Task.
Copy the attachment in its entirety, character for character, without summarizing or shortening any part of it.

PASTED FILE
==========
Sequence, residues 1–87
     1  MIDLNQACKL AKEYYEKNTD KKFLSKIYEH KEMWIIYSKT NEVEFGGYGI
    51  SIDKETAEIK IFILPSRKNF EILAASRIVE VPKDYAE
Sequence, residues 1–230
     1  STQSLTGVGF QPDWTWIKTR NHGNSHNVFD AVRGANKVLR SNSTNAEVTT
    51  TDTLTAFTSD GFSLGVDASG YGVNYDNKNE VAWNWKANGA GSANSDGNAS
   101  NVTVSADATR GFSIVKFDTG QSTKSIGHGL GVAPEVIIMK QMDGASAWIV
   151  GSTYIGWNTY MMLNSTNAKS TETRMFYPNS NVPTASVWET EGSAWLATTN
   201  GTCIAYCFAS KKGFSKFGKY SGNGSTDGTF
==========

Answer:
Sequence, residues 1–87
     1  MIDLNQACKL AKEYYEKNTD KKFLSKIYEH KEMWIIYSKT NEVEFGGYGI
    51  SIDKETAEIK IFILPSRKNF EILAASRIVE VPKDYAE
Sequence, residues 1–230
     1  STQSLTGVGF QPDWTWIKTR NHGNSHNVFD AVRGANKVLR SNSTNAEVTT
    51  TDTLTAFTSD GFSLGVDASG YGVNYDNKNE VAWNWKANGA GSANSDGNAS
   101  NVTVSADATR GFSIVKFDTG QSTKSIGHGL GVAPEVIIMK QMDGASAWIV
   151  GSTYIGWNTY MMLNSTNAKS TETRMFYPNS NVPTASVWET EGSAWLATTN
   201  GTCIAYCFAS KKGFSKFGKY SGNGSTDGTF